Or rather, how long can a person be president of the United States? The answer is (probably) not what you think. We hope you enjoy this civics brainteaser.
What do Uncle John’s political feelings and free time have in common? The only political group he identifies with is the “Trivia Party,” (which he made up and is a perennial write-in candidate for president). Also, “Trivia Party” is what Uncle John holds every Friday night at BRI HQ. He likes to stay out of the political fray, but the one thing he does enjoy is presidential trivia, such as this little constitutional anomaly we recently came across.
How many years can a person legally serve as President of the United States?
There is no minimum, of course, although it would be difficult (and likely tragic) if anybody ever topped William Henry Harrison, who served for just 31 days in 1841 after developing pneumonia at his own inauguration—he delivered a three-hour speech in the freezing cold and refused to wear an overcoat or a hat.
The maximum isn’t 12 years.
And the maximum isn’t 12 years, either. If you came up with that answer, you’re probably thinking of Franklin Delano Roosevelt, who was elected in 1932, began serving in 1933, and died in office in 1945. Roosevelt was elected to four straight terms, and he probably would have served the full 16 years those four terms would entail, except that he died in office in 1945, and Vice President Harry Truman filled out that term (before being re-elected in his own right).
22nd Amendment to the Constitution.
Also, 16 is not the most years someone can legally serve as president. After Roosevelt passed away and thereby left office, Congress shortly thereafter passed the 22nd Amendment to the Constitution, which set a presidential term limit. The amendment reads, “No person shall be elected to the office of the President more than twice, and no person who had held the office of President, or acted as President, for more than two years of a term to which some other person was elected President shall be elected to the office of President more than once.”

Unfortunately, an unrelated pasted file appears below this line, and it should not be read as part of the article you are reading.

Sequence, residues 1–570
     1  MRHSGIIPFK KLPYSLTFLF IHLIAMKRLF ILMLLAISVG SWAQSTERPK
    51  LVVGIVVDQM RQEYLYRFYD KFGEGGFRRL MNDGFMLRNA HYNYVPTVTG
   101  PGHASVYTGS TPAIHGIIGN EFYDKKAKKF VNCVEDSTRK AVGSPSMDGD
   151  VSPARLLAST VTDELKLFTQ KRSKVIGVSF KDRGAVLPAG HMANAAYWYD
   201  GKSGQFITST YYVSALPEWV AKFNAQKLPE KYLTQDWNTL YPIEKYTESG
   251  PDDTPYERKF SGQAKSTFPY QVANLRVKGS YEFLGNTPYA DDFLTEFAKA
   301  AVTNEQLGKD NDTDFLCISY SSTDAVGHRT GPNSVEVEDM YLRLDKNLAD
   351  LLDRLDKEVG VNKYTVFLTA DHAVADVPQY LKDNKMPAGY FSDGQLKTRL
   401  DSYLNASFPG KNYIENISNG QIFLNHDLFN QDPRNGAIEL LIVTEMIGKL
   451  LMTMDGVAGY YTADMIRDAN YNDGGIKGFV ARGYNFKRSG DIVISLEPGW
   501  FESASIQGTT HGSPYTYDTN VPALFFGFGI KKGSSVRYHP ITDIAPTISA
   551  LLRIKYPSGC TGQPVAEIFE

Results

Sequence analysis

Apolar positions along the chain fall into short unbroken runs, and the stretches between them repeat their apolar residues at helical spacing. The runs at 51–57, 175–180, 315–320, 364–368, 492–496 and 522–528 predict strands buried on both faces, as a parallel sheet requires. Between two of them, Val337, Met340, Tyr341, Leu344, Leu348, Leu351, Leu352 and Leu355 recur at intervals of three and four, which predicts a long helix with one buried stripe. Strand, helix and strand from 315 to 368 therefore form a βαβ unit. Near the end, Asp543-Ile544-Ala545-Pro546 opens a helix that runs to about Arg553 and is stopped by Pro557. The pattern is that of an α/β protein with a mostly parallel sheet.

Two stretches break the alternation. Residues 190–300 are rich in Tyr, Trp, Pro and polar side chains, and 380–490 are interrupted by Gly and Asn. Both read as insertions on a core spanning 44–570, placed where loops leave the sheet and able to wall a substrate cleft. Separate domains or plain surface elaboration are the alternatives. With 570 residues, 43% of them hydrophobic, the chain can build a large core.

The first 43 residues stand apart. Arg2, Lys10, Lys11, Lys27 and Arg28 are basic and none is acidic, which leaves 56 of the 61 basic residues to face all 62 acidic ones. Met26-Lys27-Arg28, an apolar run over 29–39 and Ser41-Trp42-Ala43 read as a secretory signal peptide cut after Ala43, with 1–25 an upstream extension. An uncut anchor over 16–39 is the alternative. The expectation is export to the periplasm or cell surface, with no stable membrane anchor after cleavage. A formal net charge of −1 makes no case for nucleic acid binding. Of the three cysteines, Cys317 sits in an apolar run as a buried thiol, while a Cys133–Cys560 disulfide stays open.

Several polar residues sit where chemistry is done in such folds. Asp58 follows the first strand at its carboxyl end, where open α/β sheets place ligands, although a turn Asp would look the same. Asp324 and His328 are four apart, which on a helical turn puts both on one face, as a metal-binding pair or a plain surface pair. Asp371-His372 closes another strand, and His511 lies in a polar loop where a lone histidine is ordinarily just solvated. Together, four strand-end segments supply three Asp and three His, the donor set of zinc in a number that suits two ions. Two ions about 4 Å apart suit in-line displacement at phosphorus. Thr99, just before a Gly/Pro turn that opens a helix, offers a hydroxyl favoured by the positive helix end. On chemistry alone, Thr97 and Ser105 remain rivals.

Approximately 10 years.
Translating that from political-ese, this means that the grand total, and the answer we’re looking for…is approximately 10 years. If a President leaves office for any reason, the Vice President assumes the job. Then, they are still eligible to run for the presidency two times if the president they replaced served less than half of the term for which they were elected.
A historical example.
Let’s use a historical example. President Richard Nixon resigned in August 1974—which was less than two years (or halfway) into the second term he won in 1972. His successor, Gerald Ford, ran for reelection in 1976. He lost to Jimmy Carter, but had Ford won, he could have run again in 1980, and if successful, he could have served until 1984, a hypothetical but totally constitutional period of about 10 years.